Car. Fr. Chr. Wagneri ... opuscula academica, Volume 1

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typis Elwertii academicis, 1832 - Classical philology - 234 pages

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Page 147 - Hie thee hither, That I may pour my spirits in thine ear ; And chastise with the valour of my tongue All that impedes thee from the golden round, Which fate and metaphysical aid doth seem To have thee crown'd withal.
Page 180 - O Oscar ! bend the strong in arm : but spare the feeble hand. Be thou a stream of many tides against the foes of thy people ; but like the gale that moves the grass, to those who ask thine aid. So Trenmor lived ; such Trathal was ; and such has Fingal been. My arm was the support of the injured ; the weak rested behind the lightning of my steel.
Page 193 - Manes, et subterranea regna, Et contum, et Stygio ranas in gurgite nigras, Atque una transire vadum tot millia cymba, Nee pueri credunt, nisi qui nondum aere lavantur.
Page 71 - So shall the World go on, To good malignant, to bad men benign, Under her own weight groaning, till the day Appear of respiration to the just And vengeance to the wicked...
Page 180 - Son of my son," begun the king, " O Oscar, pride of youth! I saw the shining of thy sword. I gloried in my race. Pursue the fame of our fathers ; be thou what they have been, when Trenmor lived, the first of men, and Trathal the father of heroes ! They fought the battle in their youth. They are the song of bards.
Page 67 - In this view, we may conceive such substantives to have been considered as masculine, which were "conspicuous for the attributes of imparting or communicating ; or which were by nature active, strong, and efficacious, and that indiscriminately, whether to good or to ill; or which had claim to eminence, either laudable or otherwise.
Page 182 - Elegant, however, and masterly as Mr. Macpherson's translation is, we must never forget, -whilst we read it, that we are putting the merit of the original to a severe test. For, we are examining a poet stripped of his native dress: divested of the harmony of his own numbers. We know how much grace and energy the works of the Greek and Latin poets receive from the charm of versification in their original languages.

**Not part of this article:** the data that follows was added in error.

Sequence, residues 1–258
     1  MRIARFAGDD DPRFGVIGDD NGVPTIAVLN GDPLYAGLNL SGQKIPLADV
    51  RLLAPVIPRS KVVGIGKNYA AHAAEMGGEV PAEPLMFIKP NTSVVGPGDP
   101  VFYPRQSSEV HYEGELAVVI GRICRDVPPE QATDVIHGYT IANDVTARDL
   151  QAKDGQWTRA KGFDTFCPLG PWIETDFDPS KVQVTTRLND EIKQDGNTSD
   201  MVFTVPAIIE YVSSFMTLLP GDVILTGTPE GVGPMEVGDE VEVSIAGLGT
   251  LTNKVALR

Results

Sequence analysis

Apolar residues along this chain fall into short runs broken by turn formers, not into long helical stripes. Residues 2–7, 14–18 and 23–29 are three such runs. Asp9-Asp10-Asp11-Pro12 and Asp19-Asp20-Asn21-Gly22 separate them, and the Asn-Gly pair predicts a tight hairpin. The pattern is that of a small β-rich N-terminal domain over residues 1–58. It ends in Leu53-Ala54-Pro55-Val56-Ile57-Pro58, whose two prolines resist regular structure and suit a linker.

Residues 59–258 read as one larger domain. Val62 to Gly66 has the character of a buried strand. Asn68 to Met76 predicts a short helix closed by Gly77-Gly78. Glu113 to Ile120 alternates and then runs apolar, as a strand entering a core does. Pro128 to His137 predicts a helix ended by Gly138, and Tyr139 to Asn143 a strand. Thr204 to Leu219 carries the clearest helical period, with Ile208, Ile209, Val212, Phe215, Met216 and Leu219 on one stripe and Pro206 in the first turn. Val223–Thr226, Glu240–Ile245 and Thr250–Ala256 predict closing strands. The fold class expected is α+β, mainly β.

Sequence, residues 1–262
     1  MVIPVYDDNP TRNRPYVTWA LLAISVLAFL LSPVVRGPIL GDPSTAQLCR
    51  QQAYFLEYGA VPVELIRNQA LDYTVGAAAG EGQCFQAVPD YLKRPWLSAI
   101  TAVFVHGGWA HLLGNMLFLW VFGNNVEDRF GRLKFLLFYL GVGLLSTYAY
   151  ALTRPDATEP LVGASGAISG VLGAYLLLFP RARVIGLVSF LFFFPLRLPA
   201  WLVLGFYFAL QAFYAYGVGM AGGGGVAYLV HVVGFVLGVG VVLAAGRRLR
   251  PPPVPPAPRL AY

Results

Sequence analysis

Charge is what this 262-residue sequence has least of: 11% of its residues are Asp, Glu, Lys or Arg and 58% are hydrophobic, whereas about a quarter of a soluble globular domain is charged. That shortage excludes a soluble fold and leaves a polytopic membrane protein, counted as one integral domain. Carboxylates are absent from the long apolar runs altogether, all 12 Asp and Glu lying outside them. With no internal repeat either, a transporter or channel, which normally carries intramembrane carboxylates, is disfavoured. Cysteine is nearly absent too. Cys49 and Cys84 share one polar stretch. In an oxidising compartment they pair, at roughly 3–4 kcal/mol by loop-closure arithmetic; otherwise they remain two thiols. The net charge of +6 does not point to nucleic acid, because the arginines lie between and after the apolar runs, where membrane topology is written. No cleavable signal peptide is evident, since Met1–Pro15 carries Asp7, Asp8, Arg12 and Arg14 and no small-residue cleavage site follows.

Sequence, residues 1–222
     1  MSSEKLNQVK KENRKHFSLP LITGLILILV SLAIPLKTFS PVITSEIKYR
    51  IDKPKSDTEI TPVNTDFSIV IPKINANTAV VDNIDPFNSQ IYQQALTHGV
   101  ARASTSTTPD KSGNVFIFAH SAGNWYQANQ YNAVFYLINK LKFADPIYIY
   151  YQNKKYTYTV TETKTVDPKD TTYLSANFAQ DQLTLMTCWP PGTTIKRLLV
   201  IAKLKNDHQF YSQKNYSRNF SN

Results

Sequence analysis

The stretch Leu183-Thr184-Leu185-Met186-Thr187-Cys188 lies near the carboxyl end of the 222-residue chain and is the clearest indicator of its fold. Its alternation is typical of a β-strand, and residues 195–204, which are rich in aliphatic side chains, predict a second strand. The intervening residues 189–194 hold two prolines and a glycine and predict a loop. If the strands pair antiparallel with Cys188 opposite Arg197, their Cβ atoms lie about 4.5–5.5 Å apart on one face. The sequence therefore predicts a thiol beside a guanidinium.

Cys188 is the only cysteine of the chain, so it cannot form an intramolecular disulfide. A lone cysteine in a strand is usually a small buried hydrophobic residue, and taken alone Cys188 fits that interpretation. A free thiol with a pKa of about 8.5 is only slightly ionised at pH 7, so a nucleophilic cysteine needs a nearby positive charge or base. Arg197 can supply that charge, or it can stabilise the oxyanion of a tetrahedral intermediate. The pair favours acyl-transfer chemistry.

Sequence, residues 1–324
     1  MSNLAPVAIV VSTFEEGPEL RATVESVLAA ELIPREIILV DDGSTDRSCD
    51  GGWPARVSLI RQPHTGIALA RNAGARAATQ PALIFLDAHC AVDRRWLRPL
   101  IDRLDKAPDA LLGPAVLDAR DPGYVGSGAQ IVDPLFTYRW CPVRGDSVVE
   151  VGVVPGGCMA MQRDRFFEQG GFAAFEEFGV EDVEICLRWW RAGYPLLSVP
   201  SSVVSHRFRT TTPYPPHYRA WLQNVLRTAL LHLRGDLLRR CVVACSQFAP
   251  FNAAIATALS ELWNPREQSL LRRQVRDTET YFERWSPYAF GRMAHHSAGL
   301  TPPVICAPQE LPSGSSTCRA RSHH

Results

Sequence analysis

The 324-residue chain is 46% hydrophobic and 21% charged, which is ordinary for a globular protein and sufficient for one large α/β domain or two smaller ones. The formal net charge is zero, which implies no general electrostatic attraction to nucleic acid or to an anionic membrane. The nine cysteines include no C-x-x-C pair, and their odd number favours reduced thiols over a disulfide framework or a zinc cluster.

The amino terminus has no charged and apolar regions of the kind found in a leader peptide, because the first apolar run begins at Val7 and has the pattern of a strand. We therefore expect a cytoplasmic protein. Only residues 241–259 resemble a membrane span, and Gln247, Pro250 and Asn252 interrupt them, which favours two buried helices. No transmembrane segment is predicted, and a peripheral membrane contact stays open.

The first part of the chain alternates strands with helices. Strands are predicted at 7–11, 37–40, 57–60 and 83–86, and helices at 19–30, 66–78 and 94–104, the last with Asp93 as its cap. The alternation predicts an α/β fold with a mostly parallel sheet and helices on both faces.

Page 182 - Latin poets receive from the charm of versification in their original languages. If then, destitute of this advantage, exhibited in a literal version, Ossian still has power to please as a poet; and not to please only, but often to command, to transport, to melt the heart; we may very safely infer, that his productions are the offspring of true and uncommon genius; and we may boldly assign him a place among those, whose works are to last for ages.
Page 74 - Harmonious numbers; as the wakeful bird Sings darkling, and, in shadiest covert hid, Tunes her nocturnal note.
Page 143 - THE nature of verbs being understood, that of participles is no way difficult. Every complete verb is expressive of an attribute ; of time ; and of an assertion. Now if we take away the assertion, and thus destroy the verb, there will remain the attribute and the time, which, make the essence of a participle. Thus take away the assertion from the verb !>*$, writeth, and there remains the participle Tpaifcov, writing, which (without the assertion) denotes the same attribute and the same time.

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